According to the First Amendment, we have the freedom fundamental right to assemble and peacefully protest. However, this right has certain limits.
For example, while you can protest on public sidewalks, plazas, and parks, you need a permit to march in the streets - as long as the requirements to obtain a permit does not infringe on your right to protest. You are also not allowed to block access to buildings and sidewalks, incite violence, make offensive statements, and interfere with counter-protesters.
Committing any of these violations may result in “unlawful assembly,” which is a misdemeanor offense that carries a maximum six-month jail sentence. The definition of unlawful assembly is broad and wide discretion is given to law enforcement officials to arrest protesters.
According to the California Supreme Court, the unlawful assembly law prohibits only gatherings that are violent or present imminent danger of violence. Large and noisy assembly – even if it is promoting an unpopular idea – is not enough to charge a protester with unlawful assembly.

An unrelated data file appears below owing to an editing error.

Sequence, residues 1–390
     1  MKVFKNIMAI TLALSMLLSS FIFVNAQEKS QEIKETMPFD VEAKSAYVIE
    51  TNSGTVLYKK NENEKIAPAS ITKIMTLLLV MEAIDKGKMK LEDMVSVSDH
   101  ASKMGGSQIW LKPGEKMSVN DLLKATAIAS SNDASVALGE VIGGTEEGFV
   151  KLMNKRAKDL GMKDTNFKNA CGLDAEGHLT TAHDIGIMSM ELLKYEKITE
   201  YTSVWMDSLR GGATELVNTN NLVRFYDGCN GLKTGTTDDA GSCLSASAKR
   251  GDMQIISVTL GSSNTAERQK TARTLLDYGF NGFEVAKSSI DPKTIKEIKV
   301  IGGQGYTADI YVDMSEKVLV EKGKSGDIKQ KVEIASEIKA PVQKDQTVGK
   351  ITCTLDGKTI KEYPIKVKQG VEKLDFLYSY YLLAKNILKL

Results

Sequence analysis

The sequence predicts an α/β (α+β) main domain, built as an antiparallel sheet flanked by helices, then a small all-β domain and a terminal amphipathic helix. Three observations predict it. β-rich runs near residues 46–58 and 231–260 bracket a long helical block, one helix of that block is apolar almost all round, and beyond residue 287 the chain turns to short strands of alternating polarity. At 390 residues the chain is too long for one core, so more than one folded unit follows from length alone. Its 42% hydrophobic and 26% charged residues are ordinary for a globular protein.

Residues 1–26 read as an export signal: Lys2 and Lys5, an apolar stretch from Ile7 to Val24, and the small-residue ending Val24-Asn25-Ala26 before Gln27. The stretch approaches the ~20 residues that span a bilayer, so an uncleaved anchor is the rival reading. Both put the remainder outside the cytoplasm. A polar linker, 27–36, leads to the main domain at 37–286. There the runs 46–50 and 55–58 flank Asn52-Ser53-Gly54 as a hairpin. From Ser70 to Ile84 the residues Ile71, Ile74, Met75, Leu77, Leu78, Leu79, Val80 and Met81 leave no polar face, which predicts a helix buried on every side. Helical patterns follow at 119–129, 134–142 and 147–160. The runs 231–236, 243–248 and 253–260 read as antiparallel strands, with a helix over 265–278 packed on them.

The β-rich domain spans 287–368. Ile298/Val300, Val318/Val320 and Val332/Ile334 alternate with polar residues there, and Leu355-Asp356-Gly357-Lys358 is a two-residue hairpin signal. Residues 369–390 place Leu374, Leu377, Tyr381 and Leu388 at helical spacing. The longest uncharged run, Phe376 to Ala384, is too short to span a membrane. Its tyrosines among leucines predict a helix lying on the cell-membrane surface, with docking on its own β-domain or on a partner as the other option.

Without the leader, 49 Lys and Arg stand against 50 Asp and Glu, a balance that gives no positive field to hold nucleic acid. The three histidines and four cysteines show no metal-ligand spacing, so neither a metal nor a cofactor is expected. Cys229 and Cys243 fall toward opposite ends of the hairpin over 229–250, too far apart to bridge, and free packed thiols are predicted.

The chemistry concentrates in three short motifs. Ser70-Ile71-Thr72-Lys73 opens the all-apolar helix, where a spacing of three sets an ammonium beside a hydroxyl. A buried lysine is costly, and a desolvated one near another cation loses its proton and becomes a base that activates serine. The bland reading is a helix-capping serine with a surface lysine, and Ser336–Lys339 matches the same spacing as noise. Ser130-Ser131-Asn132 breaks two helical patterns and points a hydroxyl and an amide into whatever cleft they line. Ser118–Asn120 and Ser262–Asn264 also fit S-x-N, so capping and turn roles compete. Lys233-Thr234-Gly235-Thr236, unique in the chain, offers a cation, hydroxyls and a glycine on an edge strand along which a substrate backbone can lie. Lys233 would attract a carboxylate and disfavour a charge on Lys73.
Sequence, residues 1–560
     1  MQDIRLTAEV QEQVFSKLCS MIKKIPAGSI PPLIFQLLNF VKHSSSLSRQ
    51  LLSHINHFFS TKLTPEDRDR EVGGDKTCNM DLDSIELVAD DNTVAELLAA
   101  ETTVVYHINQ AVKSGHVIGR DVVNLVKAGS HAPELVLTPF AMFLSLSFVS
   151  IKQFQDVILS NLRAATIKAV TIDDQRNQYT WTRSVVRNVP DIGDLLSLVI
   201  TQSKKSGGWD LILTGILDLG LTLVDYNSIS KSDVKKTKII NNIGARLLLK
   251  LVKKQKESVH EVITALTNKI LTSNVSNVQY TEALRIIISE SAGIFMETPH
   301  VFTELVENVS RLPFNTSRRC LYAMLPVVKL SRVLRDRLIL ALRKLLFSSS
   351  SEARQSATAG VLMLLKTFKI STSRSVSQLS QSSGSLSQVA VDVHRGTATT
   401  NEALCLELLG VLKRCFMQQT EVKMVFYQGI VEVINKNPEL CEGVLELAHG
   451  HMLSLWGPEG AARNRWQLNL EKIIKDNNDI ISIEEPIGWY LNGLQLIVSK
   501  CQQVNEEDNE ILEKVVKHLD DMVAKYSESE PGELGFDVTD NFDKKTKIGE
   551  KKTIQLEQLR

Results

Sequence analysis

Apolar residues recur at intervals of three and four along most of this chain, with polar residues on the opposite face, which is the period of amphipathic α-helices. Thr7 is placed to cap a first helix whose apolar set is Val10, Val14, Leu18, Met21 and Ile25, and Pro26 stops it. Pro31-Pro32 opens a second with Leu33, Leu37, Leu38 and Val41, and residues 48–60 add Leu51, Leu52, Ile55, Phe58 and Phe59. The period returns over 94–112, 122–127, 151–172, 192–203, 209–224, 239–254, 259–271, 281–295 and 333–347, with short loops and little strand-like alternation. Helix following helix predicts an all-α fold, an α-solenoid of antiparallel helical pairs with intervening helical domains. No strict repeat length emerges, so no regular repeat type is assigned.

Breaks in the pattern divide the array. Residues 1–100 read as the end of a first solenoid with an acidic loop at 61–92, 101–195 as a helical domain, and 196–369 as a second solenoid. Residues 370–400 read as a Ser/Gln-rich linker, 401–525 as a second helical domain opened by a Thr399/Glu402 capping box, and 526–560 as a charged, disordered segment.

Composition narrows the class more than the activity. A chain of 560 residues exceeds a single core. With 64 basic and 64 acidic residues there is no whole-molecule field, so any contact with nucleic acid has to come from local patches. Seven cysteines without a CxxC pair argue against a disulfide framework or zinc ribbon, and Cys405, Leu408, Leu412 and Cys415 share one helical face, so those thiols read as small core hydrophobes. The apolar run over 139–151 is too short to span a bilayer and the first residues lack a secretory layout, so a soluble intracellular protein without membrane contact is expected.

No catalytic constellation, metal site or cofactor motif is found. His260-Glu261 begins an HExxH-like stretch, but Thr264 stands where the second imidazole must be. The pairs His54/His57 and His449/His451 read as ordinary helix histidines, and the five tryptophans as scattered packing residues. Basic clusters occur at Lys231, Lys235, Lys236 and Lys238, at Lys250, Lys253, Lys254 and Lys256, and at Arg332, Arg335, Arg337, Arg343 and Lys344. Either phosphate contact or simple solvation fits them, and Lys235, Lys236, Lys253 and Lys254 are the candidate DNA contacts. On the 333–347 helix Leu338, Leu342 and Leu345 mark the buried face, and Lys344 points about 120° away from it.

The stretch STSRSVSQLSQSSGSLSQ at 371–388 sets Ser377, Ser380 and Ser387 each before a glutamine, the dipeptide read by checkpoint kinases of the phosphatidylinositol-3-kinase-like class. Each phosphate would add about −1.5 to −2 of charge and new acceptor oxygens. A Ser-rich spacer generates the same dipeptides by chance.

Remember, the First Amendment does not cover private property in California. The only exception to this rule is a shopping mall.
If you or a loved one has been recently charged with unlawful assembly in Los Angeles or Orange County, The Law Office of Jacqueline Goodman is ready to protect your First Amendment Right to peacefully protest. There are a number of legal defenses we can use to help you avoid conviction, such as you did not perpetrate any violence or threat of violence, you were part of a peaceful faction of protesters, or you were not given ample time to vacate the area prior to your arrest.